Online Module: The Holocaust and Fundamental Rights

Part I / Doc. 1: Poland - the massacre of Jedwabne

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On July 10, 1941 about 90 Polish inhabitants murdered presumably 400 of their Jewish neighbours in Jedwabne in eastern Poland by burning them alive in a barn. A memorial to the victims was set up there 60 years after the massacre.



Poland was the first country to be attacked by Nazi-Germany on 1 September 1939, and by the Soviet Union on 17 September 1939, following the Molotov-Ribbentrop Pact of 23 August 1939. Approximately 20 % of its prewar population or roughly 6 Million people incl. 3 Million Jews were murdered during WW II.This experience deepened the national trauma of foreign domination. The country had been already divided by Russia, Prussia and the Habsburg Empire at the end of the 18th century and only regained national sovereignty after more than 100 years following WW I. Several uprisings of Poles had been suppressed brutally throughout the 19th century. In 1920 Polish troops miraculously defeated the advancing Soviet forces near the Vistula river thus preventing Soviet westward expansion into central Europe. Following this victory Poland also gained parts of today’s Lithuania (Vilna territory) and Byelorussia. Until 1939 the country had a very heterogeneous population which consisted of Christian and Jewish Poles, Ukrainians, Byelorussians, Germans and other minorities. Following the Potsdam conference in 1945 Poland’s borders were pushed westward and Poland lost large parts of its prewar territory to the Soviet Union in order to be compensated in the West with former German territory. Due to these traumatic events Poland is considered as the „christ of nations“ who suffered for the other European states.

Jedwabne is a small town in the Northeast of Poland, approximately 60 kilometers away from Białystok. Jews settled here since the end of the 18th century. In the 1930s the Jewish community consisted of approximately 1,200 members out of a total population of 2,100. In September 1939 the Red Army occupied the East of Poland including Jedwabne. For Jedwabne's inhabitants the Soviet occupation meant persecution, expropriation and deportation to Siberia.

When Germany and its allies invaded the Soviet Union on 22 June 1941, Jedwabne very soon fell under German occupation. The non-Jewish inhabitants of Jedwabne started accusing their Jewish neighbors of collaboration with the previous Soviet occupational authorities. On the morning of 10 July 1941 about 90 non-Jewish men from Jedwabne and its surroundings chased the town's Jewish inhabitants to the market square. Many non-locals hoped to loot Jewish property and had come to Jedwabne for this very reason. It is still not entirely clear which role German occupational forces played in this massacre as a commando of Gestapo/policemen seems to have arrived in Jedwabne that day. They might have instigated the non-Jewish inhabitants of Jedwabne to start the pogrom as Reinhard Heydrich, Chief of the Security Police, had explicitly ordered his units to incite and condone „self cleansing activities“ by local non-Jewish populations i.e. pogroms. It seems to be certain however that the Polish population started the pogrom without coercion by the German occupying forces. Polish inhabitants of Jedwabne tortured and beat the Jews for hours in the market place. Many Jewish men were slain. The perpetrators drove the survivors into a barn. There they caged the approximately 300 to 400 Jewish men, women and children and set fire to the building, burning them alive. The surviving Jews later had to resettle in a ghetto.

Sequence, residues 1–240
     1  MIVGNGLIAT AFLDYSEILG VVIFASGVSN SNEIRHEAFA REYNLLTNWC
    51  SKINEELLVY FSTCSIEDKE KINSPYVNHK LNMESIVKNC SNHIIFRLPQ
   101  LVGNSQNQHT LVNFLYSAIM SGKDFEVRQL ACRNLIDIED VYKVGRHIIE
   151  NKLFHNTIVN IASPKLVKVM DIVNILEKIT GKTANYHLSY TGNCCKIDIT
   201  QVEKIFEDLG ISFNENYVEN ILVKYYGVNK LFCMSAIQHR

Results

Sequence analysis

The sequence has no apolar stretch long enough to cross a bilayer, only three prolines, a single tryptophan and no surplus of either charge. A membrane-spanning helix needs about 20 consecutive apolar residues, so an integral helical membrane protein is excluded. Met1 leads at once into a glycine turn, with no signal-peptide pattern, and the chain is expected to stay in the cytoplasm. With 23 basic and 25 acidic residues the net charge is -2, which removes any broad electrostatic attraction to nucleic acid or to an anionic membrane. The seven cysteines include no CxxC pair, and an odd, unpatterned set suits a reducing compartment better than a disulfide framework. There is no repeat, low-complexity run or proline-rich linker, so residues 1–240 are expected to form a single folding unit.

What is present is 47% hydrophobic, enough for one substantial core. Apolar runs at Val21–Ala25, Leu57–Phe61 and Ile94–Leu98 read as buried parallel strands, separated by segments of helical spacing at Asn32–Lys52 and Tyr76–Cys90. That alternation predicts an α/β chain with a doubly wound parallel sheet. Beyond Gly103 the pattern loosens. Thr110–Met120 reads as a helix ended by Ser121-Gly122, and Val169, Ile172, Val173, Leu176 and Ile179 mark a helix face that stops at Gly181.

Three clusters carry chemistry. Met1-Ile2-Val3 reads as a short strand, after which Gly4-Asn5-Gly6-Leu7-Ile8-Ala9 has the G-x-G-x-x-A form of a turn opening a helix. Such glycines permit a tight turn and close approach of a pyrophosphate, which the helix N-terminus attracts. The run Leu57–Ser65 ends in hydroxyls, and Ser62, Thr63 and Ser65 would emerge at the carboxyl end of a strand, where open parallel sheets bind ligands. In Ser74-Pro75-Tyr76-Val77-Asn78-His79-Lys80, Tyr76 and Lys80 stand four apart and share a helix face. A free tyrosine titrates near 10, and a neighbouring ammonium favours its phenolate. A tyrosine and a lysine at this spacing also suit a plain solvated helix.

The number of victims in Jedwabne is disputed. The number of the town's Jewish inhabitants is uncertain as well, because of the absence of records from immediate pre-war times and due to the fact that, from September 1939 onwards, refugees repeatedly entered Jedwabne or went further East. The estimated number of victims ranges from 300 to 1,000. During a non-complete exhumation in 2002 the remains of 300 to 400 victims could be recovered i.e. at least 300 people were murdered.


In post-war Poland there was a number of trials concerning the Jedwabne pogrom. Some of the perpetrators have been sentenced to imprisonment. More than 60 trials took place in the Białystok region, where similar pogroms took place in roughly thirty locations. However, the dealings with these pogroms were soon aborted. In the communist People's Republic of Poland collaboration with the German occupying forces and the murder of Jews by Polish perpetrators was considered a taboo. Only with the publication of the book “Neighbors” in 2000 by the Polish-American historian Tomasz Gross the Jedwabne pogrom gained some public awareness, followed by a heated discussion about the country's historical self-perception. In 2001 the Institute of National Remembrance (Instytut Pamięci Narodowej, IPN) was charged with the investigation of the history of the Jedwabne massacre. On the pogrom's sixtieth year-day, on 10 July 2001, a memorial was set up in Jedwabne. During the inauguration ceremony the Polish president Aleksander Kwaśniewski apologized to the victims. In 2002 a forensic investigation took place in Jedwabne where remains of the victims were recovered. The same year the IPN's final report concerning the Jedwabne massacre was published. It confirmed that in 1941 Poles murdered the Jews of Jedwabne in the barn. Moreover the IPN provided evidence for a large number of similar incidents in the area. The memorial in Jedwabne has repeatedly been vandalised and is rejected by many local inhabitants to date.


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